It was early evening and I was a bit peckish, so I popped out to a bar in Hayes Valley for a bite to eat. Or rather, I popped out to the bar at Jardinière, whose charms I had come to know only recently, or perhaps belatedly is a better word, as the restaurant was in the midst of celebrating its 20th anniversary.
I have lived in the city since 1991, and began hearing about Jardinière not long after it opened in 1997. That I've never been is somewhat perplexing, but whenever Jardinière, popular among the pre-symphony-opera-ballet crowd, came up in conversation, I usually found myself diverted into a meditation on the performing arts instead of wondering about the restaurant's culinary art.
But on this night, I ordered a burger, medium-rare, and a cocktail tongue-in-cheekily called Oaxacan the Forest, a blend of mezcal, Douglas fir eau de vie, lime and rosemary. The drink was lovely—smoky, dry, a sort of grown-up margarita with a hint of evergreen—and so was the bar, an elongated horseshoe hewn from black marble, softly lit at intervals by the little brass lamps with colored glass shades that have survived all the design updates made to the interior over the years. What a perfect hideaway, I thought—tranquil, understated, refreshingly un-hip—the sort of place where you can duck discreetly away from the world and spend some time quietly communing with your taste buds.
The burger arrived grilled to a T, ever-so-slightly bloody, and garnished with avocado, caramelized onion, Little Gem lettuce, and Dijon mayonnaise. As I ate, I gazed at a white neon likeness of a burger hovering above the bar, and reflected on a conversation I'd had earlier with Jardinière's founder, the James Beard Award-winning chef and local culinary icon, Traci Des Jardins.
San Francisco has changed a lot since 1997, from a dot-com boom gone bust, to a global financial crisis a decade later, to the present technology-fueled resurgence with all of its attendant social and economic ramifications. In a business so prone to fluctuations in the economy, and in taste, and in a culture so fixated on the hot new thing that food-focused websites have taken to teasing readers with architects' renderings of restaurants months away from opening, I was curious how Jardinière had managed not just to survive, but to thrive, for two decades.
"Interestingly enough," said Des Jardins, "Jardinière has never really been part of the boom-and-bust cycle. The primary clientele are destination foodies, or people who are coming for dinner before going to out to the symphony or the opera or the ballet. As a result of that, we haven't seen so many ebbs and flows."
"We don't necessarily capture diners who want a new experience," the chef continued, alluding to the matter of neophilia. "Being excellent is the best thing we can do from a marketing standpoint."
That said, Des Jardins has made one conspicuous move to reach out to a younger crowd: the Impossible Burger, a plant-based wonder whose uncanny pinkness and meat-like goodness was making for such an enjoyable outing at Jardinière's bar. Her strategy seemed to be working: I was surrounded on both sides by diners in their 20s and 30s, deeply enmeshed in Impossible Burgers of their own. After a return visit or two, they might just have a go at the dining room upstairs where I'd eaten with a friend a week or so before.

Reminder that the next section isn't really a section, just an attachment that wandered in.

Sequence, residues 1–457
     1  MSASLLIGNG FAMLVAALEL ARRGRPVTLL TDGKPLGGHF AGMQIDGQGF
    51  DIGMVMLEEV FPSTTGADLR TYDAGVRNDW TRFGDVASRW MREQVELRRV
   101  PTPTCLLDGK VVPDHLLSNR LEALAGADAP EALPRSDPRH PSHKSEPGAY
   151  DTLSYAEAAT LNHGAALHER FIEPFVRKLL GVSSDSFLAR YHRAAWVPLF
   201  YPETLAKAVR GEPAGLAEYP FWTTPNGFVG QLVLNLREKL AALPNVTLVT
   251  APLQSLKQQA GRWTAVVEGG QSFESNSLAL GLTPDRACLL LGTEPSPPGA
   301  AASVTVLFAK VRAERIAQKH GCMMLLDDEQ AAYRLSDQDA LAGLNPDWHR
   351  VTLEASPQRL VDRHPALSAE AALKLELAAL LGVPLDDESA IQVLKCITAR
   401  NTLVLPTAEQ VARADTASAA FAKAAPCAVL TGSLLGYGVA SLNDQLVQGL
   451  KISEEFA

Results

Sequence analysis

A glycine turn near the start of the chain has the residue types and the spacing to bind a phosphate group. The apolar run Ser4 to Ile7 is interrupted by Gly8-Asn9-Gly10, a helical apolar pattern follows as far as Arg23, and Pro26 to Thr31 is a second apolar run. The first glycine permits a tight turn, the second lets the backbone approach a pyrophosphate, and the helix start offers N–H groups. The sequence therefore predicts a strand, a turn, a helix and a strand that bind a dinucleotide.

That evening had begun with a flute of Pol Roger Brut Réserve, a Champagne that's occupied a special place in my heart since I first made its acquaintance at Atelier Crenn in 2014. My friend, meanwhile, sipped a Lexington, a sophisticated mix of Buffalo Trace bourbon, Gran Classico, Cardamaro, and barrel-aged bitters.
Among the starters were cucumber and cantaloupe lightly seasoned with sesame and shiso (a type of mint indigenous to East Asia); pommes frites dusted with allium powder (imagine the most addictive ranch seasoning, only all-natural); a buttery-crisp Little Gem salad punctuated with peach slices and sunflower seeds, in a simple buttermilk dressing; and wonderfully substantial cuts of impeccably fresh raw halibut garnished with green almonds, avocado, shiso and tamari.
The mains, accompanied by a profoundly beautiful wine—a 2011 Boca, a blend of Nebbiolo and Vespolina from the northern Piedmontese winery Le Piane—were similarly and deliciously unfussy. While my friend had her way with a meltingly tender braised short rib with cabbage, baby carrots and onions and a wonderfully aromatic consommé, I dug into an equally succulent slab of Monterey king salmon, cooked sous vide and served on a bed of sweet corn, chanterelles and crème fraîche.
Dessert consisted of a blueberry galette with a wonderfully buttery-flaky crust, an oh-so-pretty strawberry panna cotta, and along with them, a mesmerizingly mellow Grappa Di Amarone from the Venetian distiller, Gianni Capovilla.
On leaving Jardinière that night, and again, after the evening at the bar, I might have felt some anxiety at having fallen under its spell so late in the game, and at the notion that there might not be much more time to enjoy this new discovery. Des Jardins, however, had set my mind completely at ease. Out of a mix of curiosity and self-interest, I'd asked the chef whether she imagined Jardinière would still be a part of San Francisco a decade from now.
"I have at lest 10 years left on my lease," she said without skipping a beat. "That's certainly my intention."
// Jardiniere, 300 Grove St. (Hayes Valley), jardiniere.com